Dystopia – an imaginary world where people live in constant fear and adhere to certain norms as a result of being constantly watched or manipulated by certain figureheads.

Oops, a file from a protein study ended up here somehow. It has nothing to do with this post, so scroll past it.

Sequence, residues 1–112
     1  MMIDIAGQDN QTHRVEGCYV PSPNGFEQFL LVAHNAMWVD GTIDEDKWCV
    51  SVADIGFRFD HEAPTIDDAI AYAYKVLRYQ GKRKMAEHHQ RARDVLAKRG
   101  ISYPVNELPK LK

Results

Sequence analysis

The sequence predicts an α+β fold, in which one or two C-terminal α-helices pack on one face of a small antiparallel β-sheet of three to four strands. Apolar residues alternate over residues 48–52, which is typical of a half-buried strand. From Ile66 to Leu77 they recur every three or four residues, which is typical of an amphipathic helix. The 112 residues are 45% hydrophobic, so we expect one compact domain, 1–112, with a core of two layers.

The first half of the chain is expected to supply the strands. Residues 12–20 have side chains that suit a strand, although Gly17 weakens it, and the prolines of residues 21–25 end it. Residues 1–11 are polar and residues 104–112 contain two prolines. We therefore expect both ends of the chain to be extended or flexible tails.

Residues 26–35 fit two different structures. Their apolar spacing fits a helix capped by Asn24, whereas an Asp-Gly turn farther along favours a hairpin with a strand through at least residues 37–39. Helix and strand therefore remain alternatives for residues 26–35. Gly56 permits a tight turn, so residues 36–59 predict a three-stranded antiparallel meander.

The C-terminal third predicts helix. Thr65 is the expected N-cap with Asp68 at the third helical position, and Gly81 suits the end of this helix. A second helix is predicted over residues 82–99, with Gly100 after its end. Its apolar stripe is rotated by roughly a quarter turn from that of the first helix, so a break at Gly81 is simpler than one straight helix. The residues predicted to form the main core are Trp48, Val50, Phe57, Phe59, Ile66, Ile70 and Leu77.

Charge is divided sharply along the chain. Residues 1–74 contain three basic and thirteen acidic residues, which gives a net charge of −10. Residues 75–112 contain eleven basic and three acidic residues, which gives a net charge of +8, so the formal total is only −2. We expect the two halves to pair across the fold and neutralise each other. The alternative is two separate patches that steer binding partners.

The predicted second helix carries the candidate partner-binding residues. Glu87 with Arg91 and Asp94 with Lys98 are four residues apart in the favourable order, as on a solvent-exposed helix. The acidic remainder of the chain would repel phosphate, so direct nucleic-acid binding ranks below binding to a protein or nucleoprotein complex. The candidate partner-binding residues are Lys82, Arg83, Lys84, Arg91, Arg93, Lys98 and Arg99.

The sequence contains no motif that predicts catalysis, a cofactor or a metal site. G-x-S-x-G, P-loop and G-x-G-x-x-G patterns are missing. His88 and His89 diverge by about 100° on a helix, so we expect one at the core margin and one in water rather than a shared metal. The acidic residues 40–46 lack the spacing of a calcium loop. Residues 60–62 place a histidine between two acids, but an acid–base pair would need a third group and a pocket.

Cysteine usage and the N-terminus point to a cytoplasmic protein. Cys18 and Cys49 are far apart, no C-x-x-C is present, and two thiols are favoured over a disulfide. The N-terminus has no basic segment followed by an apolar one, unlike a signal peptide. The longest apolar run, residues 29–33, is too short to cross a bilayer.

Although many journalists use the word dystopia to describe any negative situation, the word means much more than just a bad place. I believe that a dystopian society contains citizens that are living in constant fear as a result of being watched and having to follow certain norms established by certain government figureheads. For example, in the book 1984, people were constantly being surveyed by the “Big Brother,” and if people went against norms established by this totalitarian government, people would be brainwashed to forget anything that went against the norms established by the government. As a result, people lived in constant panic of the choices they made and certain actions they performed. Additionally, in movies such as the Hunger Games, the “Head Gamemaker” controlled the people by manipulating every aspect of the “games” they played and the choices they made. The people had to conform to the norms of these games by surviving and killing each other to be the last individual standing. These two works are great examples of the definition of a dystopian society because they go beyond just being a “bad place” and involve people being manipulated to act and think a certain way without even realizing it. The only reason these people are doing certain actions results from the figureheads manipulating both the words and actions of the common people and changing the decisions they make. These figureheads are basically puppeteers controlling their puppets, and all puppets can do is conform to what the puppeteer wants them to do. Because of this, the figurehead’s regime or control lives on for many years to come. Overall, dystopian societies are led by a fearsome figurehead that makes people conform to the norms established by this “leader,” and as a result, the choices people make are altered as a result of fearing for their lives.